My team then spent a few days building up a dig site in a family-owned rice field corner. The rest of the two months consisted of digging down into the ground via a grid system that our civilian Forensic Anthropologist set up. What I found really cool was the variety of military involved; a Marine EOD, an Army communications guy, an Air Force medic – plus the other NCOs (the “diggers”) from all the military branches. We had a civilian doctor, an Army translator, and a retired Navy PJ as our Life Support Equipment Expert (LSE). Every day (except Sundays), we were out there in the searing heat and sun digging buckets of dirt, sending them up to rows of suspended metal sifters hanging from cut bamboo logs, pounding hardened red clay (which we nicknamed “Devil Dirt”) and looked for minute fragments of airplane, clothing, bone – anything that wasn’t dirt or clay. We would play soccer with the village children during breaks and at lunch and converse with the adults and elders (through the two Americans that spoke their language).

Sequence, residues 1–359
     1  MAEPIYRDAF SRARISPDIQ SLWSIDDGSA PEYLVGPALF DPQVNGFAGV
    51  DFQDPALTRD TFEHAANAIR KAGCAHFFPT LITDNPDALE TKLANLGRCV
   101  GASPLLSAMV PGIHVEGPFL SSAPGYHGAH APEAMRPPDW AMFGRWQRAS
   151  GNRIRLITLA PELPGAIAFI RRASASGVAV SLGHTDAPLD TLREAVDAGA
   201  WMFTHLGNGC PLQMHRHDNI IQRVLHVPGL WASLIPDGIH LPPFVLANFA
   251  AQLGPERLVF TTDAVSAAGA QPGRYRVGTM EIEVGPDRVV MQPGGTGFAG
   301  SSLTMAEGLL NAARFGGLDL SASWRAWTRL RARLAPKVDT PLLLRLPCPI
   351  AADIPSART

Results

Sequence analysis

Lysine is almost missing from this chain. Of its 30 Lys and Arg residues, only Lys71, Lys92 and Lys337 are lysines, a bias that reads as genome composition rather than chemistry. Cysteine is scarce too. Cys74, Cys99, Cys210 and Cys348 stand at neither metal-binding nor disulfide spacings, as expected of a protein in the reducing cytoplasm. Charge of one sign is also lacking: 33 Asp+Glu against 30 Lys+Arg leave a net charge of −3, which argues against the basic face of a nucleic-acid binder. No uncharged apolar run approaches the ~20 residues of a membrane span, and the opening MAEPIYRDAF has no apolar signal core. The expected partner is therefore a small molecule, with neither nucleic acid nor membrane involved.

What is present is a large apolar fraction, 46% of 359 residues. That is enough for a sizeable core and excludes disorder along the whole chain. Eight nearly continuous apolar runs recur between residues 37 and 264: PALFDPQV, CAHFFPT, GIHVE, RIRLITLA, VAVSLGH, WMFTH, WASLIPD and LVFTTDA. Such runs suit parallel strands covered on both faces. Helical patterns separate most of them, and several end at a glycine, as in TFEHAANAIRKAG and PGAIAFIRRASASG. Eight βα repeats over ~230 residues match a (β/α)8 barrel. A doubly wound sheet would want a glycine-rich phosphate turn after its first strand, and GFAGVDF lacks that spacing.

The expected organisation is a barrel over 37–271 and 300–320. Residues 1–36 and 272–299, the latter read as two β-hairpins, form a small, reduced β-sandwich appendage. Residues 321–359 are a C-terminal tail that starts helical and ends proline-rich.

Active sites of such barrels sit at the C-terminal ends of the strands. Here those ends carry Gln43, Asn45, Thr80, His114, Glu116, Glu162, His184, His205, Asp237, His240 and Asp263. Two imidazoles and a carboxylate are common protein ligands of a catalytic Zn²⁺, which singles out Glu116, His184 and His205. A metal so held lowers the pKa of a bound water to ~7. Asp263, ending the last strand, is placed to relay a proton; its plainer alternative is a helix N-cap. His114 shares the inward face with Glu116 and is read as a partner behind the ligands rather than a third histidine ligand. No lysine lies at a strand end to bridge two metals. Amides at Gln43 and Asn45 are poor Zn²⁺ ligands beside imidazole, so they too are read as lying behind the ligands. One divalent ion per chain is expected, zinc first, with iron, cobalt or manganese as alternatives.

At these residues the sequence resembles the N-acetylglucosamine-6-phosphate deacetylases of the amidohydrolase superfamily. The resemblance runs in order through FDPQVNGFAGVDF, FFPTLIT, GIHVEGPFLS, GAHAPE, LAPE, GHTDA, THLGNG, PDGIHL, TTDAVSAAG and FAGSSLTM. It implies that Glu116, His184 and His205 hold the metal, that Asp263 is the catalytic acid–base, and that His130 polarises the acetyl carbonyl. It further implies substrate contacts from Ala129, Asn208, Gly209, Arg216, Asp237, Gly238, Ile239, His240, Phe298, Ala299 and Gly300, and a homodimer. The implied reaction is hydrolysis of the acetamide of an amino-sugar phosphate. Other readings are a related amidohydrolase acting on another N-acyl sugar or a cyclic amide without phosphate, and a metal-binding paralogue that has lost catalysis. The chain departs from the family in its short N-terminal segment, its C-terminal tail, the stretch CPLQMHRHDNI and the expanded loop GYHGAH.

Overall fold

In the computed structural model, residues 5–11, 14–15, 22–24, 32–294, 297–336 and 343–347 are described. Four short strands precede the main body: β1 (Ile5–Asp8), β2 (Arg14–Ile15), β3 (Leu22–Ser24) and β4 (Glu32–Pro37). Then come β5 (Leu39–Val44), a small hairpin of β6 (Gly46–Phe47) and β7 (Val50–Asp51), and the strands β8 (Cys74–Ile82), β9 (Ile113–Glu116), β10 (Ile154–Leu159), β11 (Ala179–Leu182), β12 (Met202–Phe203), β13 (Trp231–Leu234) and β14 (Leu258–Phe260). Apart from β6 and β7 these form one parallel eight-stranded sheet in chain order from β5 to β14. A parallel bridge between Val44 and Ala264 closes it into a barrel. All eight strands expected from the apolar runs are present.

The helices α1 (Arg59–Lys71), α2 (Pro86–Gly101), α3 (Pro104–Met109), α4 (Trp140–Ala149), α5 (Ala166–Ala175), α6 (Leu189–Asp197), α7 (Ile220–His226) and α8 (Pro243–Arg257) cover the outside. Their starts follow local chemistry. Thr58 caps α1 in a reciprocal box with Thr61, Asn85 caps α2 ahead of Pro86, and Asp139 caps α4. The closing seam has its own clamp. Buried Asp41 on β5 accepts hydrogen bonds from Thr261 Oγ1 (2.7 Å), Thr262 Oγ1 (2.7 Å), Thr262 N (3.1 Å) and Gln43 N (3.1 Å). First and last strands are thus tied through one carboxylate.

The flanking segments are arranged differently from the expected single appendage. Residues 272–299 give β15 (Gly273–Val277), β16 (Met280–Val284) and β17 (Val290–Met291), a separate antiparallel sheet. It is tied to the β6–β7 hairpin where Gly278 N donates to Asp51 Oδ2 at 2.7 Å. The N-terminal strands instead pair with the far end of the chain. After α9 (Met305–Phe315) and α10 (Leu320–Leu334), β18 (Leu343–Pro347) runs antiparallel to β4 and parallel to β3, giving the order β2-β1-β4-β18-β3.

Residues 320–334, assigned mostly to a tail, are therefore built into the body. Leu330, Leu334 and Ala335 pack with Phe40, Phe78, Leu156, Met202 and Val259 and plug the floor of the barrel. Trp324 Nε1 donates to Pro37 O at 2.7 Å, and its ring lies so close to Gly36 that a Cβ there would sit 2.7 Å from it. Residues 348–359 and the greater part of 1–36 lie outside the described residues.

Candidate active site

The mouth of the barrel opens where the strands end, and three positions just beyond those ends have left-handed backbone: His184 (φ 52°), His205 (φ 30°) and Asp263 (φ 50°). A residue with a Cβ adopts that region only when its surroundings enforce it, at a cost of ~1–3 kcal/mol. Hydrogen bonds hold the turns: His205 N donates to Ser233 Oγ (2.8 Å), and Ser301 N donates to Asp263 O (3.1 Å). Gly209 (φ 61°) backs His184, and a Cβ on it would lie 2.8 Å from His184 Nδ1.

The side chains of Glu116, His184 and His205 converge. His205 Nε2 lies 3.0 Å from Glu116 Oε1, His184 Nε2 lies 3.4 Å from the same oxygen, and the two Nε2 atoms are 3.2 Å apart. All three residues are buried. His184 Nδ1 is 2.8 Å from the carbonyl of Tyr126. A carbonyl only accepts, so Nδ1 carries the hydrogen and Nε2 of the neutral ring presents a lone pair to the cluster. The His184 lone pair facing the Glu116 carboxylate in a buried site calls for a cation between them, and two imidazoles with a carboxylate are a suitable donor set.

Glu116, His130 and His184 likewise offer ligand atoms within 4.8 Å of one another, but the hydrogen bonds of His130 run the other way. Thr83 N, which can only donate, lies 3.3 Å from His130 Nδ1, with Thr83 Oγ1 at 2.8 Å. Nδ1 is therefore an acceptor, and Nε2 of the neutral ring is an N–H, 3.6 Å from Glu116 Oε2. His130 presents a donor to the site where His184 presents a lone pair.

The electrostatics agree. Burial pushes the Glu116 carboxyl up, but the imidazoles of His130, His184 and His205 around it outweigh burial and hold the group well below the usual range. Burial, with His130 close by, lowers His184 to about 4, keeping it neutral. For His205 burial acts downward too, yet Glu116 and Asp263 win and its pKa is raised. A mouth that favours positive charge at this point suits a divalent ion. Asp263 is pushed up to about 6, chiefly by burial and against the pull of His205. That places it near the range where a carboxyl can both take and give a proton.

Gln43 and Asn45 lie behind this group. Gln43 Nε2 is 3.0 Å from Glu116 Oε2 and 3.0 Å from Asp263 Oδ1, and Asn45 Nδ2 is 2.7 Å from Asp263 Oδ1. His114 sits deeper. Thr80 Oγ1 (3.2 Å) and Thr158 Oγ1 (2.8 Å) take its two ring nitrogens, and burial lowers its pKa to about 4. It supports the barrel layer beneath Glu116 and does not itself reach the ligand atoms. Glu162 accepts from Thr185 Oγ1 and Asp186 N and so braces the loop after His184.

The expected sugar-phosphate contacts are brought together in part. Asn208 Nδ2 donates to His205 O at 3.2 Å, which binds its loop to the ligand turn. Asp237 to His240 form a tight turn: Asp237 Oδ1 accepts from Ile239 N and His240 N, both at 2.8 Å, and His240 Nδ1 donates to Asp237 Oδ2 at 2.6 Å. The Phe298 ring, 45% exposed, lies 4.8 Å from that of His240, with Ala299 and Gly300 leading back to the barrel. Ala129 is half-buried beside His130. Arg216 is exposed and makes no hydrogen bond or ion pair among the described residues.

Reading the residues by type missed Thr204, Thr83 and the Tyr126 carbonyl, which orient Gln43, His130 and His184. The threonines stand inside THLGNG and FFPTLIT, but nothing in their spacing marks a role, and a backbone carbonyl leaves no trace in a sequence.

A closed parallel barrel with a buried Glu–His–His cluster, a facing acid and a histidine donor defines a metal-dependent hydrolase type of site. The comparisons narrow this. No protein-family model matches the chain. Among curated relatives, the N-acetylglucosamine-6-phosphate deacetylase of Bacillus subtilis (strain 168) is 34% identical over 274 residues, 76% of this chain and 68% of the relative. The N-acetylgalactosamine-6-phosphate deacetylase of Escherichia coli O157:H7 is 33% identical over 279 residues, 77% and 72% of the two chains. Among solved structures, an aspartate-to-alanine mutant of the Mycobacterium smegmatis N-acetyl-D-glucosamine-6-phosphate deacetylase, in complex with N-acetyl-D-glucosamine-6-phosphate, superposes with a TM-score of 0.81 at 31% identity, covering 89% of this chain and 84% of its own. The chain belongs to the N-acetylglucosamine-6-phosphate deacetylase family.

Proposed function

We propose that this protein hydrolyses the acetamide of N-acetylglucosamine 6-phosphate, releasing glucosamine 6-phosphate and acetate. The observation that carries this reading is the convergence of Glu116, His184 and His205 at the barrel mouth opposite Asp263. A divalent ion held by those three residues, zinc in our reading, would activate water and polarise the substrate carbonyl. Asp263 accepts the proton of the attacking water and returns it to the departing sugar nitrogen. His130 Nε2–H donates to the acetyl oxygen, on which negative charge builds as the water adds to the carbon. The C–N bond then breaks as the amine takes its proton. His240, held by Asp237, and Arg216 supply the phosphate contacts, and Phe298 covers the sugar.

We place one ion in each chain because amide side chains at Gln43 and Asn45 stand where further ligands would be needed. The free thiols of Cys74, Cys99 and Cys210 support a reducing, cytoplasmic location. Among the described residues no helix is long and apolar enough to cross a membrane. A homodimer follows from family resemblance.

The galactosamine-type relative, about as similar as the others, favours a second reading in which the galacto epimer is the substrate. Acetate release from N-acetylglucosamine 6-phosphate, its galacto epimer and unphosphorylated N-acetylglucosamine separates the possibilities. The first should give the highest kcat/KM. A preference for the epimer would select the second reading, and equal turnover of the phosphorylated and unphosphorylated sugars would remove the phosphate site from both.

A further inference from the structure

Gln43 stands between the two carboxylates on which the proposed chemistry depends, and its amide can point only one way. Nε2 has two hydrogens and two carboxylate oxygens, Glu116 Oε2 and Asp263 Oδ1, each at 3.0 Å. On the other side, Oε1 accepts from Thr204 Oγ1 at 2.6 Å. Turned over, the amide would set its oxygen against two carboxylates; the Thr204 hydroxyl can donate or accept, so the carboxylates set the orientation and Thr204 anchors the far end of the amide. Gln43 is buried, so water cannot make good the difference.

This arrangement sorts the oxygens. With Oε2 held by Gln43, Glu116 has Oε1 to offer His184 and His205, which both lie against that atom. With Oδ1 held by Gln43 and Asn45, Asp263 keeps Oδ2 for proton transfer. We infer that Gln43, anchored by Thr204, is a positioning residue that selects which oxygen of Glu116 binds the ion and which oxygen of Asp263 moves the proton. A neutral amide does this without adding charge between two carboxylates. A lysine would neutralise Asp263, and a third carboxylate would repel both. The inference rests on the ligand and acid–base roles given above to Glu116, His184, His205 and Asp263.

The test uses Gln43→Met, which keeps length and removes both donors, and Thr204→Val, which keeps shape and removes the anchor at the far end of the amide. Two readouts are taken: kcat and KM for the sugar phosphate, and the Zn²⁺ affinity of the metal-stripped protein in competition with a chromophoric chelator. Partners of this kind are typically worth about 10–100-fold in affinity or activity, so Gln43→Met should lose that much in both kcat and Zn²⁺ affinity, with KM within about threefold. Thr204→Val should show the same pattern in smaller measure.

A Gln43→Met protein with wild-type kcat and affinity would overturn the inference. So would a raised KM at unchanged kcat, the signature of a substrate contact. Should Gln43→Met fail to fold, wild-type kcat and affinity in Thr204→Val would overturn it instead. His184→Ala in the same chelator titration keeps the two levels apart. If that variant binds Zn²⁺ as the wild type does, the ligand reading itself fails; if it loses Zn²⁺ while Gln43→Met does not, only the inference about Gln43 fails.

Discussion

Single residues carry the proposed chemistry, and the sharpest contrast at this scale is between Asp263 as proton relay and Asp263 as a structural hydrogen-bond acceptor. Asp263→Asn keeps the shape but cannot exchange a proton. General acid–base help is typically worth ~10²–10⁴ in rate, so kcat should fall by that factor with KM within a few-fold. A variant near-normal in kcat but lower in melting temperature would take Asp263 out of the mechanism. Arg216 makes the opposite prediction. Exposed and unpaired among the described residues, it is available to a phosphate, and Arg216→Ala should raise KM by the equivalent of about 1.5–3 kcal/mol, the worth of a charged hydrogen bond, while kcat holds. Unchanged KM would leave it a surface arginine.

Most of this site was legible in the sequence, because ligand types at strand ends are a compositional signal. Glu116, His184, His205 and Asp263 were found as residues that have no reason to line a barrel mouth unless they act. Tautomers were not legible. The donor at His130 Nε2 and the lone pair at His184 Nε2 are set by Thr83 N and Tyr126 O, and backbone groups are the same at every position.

At the end of each 10-hour day, we would return by Laos police escort to our guesthouse, meet up at the on-site family-run restaurant and go through our findings for the day. There would be Ziploc bags full of airframe metal, uniform cloth, boot leather, bungee cord, and even the dog tag from one of the officers. The LSE would pick out the smallest fragment of shiny metal or faded dark green cloth and proceed to tell us, in detail, where it was on the plane or on our pilots’ person; following it up with historical picture evidence (a service photo of the pilot or a panoramic picture of the inside of the cockpit of the same kind of plane). Our Forensic Anthropologist would then pick out fragments of bone and explain- however, at this stage of the process, not “conclusively” identify; human versus animal bone or fossilized tree bark and how to tell the difference. The team would then order up a round or two of Beer Lao, praise and poke fun at each other, tell their ‘sea’ stories, and call it a night. Someone had brought a guitar with them, and some nights we’d sing along; others would play Blackjack, and some would have a quiet night of watching movies.